Air cargo bounce back slackens in early November


Air cargo’s steady recovery in recent months showed signs of slackening in the first half of November, a tell-tale sign being that yields/rates from China dropped for the first time in many weeks, the latest data from WorldACD shows.

Worldwide, the kilograms transported in the period 1-15 November (H-1 Nov) stood at 48% of the total for the whole of October (from Asia Pacific 51%, Europe and North America 47%, Central and South America 46%, Middle East & South Asia (MESA) 44%, and Africa 42%), it noted.

«In other words, any month-over-month (MoM) growth in November will have to come from the second half of the month. Weekly volumes in H-1 Nov were more or less the same as in the last week of October.»

While worldwide yields/rates (per kg) continued their upward movement, here too there was a slowdown in growth — the average going from US$3.13 in the last week of October to US$3.25 in the first week of November, an increase of 3.9% week-on-week (WoW) to US$3.28 in the second week of November (+0.9% WoW).

«For the first time in many weeks, yields/rates from China dropped. Whilst they were up by 3.8% WoW in the first week of November, in the second week they were down by 2.5% WoW,» WorldACD revealed.

On the China-Asia Pacific trade lane they decreased by 9.5% (to US$ 2.20/kilo), fell by 0.9% from China to Europe (to US$ 5.08/kilo) and shed 6% on China-North America routes (to US$ 5.93/kilo).

«Incoming business into Asia Pacific saw a downward trend: yields/rates dropped by 0.8% WoW on average, whilst this figure was slightly up for all other destination regions.

The average load factors were slightly lower in H-1 Nov than in October. We did not see a WoW change in last week’s (seccond week of November) data, except for the load factors ex-Europe which went up by more than 1.5 percentage points.

As for the key takeaways from the market last month, volumes were «only» 11% below October 2019, but 8% above September 2020.

«Worldwide air cargo contracted by one-third year-over-year (YoY) in April 2020. Since that very steep decline, the sector has bounced back steadily,» WorldACD underlined..

«Airline revenues from air cargo (in October) kept rising: +48% YoY, thanks to a still very high price per/kg, which has hovered between 60% and 67% above last year (in US$) for the past four months, culminating in an October increase of 66% YoY and 4.3% MoM.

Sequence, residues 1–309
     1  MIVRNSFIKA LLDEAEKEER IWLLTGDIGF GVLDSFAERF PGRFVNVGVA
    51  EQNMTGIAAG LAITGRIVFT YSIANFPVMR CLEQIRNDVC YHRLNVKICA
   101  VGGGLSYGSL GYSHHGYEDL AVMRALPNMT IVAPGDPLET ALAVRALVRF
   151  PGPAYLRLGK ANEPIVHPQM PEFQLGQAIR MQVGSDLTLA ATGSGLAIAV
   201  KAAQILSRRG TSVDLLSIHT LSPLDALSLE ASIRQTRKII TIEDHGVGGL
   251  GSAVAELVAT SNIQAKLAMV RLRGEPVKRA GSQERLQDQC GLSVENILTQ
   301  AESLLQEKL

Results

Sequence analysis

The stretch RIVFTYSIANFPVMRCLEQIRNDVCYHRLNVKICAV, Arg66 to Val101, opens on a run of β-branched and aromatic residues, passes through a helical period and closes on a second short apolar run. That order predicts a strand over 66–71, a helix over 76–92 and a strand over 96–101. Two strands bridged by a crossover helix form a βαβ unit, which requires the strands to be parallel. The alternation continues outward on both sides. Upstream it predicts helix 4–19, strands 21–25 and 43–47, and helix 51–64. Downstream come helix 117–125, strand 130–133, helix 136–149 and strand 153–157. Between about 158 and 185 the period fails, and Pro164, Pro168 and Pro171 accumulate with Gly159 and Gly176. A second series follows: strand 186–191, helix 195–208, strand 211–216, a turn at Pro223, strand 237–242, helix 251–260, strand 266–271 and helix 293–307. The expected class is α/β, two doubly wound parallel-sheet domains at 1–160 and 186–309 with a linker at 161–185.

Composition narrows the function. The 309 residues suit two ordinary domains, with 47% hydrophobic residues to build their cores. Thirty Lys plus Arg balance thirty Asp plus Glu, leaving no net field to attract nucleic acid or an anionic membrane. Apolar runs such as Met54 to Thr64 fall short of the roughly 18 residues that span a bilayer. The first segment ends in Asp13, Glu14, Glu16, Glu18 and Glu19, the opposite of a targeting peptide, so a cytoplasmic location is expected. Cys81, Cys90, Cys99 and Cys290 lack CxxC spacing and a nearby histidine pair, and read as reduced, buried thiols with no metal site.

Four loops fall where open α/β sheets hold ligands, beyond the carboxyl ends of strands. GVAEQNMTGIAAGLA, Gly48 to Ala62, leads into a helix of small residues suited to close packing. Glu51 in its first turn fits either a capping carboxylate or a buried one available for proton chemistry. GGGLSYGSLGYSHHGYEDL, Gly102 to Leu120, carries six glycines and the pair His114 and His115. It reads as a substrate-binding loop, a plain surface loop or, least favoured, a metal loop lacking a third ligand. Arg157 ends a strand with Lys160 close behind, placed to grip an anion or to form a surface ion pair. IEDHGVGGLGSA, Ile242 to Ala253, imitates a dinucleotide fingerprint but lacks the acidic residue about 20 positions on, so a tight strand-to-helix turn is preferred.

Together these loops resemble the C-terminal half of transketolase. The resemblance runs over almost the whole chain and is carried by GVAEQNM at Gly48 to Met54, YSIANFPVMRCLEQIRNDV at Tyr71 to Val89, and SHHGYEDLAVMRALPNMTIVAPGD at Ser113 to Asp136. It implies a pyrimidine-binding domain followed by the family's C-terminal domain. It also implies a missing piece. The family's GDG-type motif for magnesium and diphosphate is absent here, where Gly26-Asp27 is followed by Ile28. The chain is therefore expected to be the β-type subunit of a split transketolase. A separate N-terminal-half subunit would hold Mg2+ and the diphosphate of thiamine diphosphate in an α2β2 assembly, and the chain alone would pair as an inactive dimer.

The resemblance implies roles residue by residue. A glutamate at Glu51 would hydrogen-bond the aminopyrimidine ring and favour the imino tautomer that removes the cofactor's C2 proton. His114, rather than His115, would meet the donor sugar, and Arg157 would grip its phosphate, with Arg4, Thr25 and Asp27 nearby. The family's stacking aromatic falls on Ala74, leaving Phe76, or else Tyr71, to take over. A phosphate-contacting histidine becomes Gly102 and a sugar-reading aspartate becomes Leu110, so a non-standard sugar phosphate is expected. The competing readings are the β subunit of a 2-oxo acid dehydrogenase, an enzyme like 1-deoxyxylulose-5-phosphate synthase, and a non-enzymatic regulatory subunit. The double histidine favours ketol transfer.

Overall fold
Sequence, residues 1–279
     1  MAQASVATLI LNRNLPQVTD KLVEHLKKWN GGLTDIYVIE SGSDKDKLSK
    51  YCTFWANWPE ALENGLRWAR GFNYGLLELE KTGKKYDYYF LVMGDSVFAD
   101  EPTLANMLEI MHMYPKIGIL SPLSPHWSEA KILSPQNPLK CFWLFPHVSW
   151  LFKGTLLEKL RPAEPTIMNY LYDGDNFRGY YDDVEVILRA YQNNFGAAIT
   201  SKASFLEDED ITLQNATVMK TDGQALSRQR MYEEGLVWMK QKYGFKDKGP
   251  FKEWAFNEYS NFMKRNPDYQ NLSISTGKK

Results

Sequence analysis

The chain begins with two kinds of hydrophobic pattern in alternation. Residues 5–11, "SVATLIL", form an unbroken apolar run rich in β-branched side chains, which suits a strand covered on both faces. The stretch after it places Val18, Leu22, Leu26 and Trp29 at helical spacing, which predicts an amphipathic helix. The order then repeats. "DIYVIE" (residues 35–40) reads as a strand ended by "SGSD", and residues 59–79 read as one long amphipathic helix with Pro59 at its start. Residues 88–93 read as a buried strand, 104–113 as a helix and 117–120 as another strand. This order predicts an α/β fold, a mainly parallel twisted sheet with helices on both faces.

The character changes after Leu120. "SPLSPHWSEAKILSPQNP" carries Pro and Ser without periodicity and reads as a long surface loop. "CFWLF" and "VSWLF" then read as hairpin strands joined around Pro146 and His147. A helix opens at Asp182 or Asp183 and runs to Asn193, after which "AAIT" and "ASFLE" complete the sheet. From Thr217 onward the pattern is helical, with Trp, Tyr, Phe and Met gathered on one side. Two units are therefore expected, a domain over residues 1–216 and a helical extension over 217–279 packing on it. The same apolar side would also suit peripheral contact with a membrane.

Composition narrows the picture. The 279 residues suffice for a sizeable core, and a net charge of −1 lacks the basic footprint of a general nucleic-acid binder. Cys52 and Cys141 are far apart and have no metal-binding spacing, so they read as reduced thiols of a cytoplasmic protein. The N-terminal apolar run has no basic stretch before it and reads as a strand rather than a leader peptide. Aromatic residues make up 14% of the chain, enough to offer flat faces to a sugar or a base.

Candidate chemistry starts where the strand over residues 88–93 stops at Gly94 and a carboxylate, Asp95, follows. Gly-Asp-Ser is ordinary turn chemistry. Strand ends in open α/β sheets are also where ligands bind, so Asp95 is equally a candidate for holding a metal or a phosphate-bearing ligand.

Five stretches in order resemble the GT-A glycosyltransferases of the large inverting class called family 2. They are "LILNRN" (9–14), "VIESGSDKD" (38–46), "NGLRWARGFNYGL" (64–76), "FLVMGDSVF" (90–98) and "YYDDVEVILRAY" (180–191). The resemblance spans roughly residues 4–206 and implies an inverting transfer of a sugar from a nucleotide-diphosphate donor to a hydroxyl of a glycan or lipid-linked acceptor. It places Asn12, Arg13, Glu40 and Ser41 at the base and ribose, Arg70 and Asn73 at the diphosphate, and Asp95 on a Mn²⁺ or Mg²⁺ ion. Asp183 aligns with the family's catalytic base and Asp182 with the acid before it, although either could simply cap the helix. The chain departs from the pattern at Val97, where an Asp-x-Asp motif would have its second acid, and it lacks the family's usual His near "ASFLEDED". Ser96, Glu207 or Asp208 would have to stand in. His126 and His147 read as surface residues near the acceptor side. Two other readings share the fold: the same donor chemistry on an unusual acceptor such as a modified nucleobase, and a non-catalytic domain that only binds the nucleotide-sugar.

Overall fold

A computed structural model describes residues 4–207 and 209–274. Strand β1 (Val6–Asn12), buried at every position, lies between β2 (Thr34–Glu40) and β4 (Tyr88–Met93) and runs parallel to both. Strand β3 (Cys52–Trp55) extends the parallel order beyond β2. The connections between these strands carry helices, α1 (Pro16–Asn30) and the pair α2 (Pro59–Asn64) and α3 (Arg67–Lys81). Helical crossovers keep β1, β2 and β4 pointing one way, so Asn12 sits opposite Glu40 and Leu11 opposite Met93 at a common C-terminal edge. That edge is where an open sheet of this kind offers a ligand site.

«All this happened with freighter capacity increasing by 5% MoM, whilst cargo capacity on passenger aircraft grew by 11% MoM. The load factors for the two aircraft types increased by a modest 2% and 1% respectively over the month of September.»

WorldACD reported that among the three largest regions, the origin Asia Pacific did best again in volume in October, falling 7% YoY, but recording the second-highest YoY increase of price/kg (+82.4%). The origin area Middle East & South Asia (MESA) almost doubled its prices for the month of October YoY. The MoM price increase ex-Asia Pacific was 9.4% against a worldwide average of 4%: in 2019 the MoM increase ex-Asia Pacific was 5.5%.

«For the first 10 months of the year, Asia Pacific was the only region keeping its YoY volume loss in single figures (-9.8%), coupled with a record YoY revenue increase of 59%, more than double the worldwide average of 29%. Most striking is the fact that the share in worldwide air cargo revenues, generated from business originating in the Asia Pacific countries, has gone up from 41% in 2019 to 50% in 2020.»

The chart below shows how the world’s top-50 air cargo markets performed (MoM) (yield/rates in US$/kg). The markets between Western Europe and Mexico stand out, WorldACD observed.

Analytics on topic
Transport Strategy 2035: Overambitious or rather conservative?

What is the transport strategy — new targets or just another declaration? On what factors will the achievement of the transport strategy’s targets depend? And to what extent do its goals meet the current requirements of the transport industry? Experts, market actors and government officials have expressed controversial views.

Environmental Agenda for Rail Freight Transport

Environmental agenda permeates all spheres of human activity, and rail transport is no exception. In an effort to defend its position, railway transport is adapting to changes, where environmental friendliness and sustainable development are increasingly important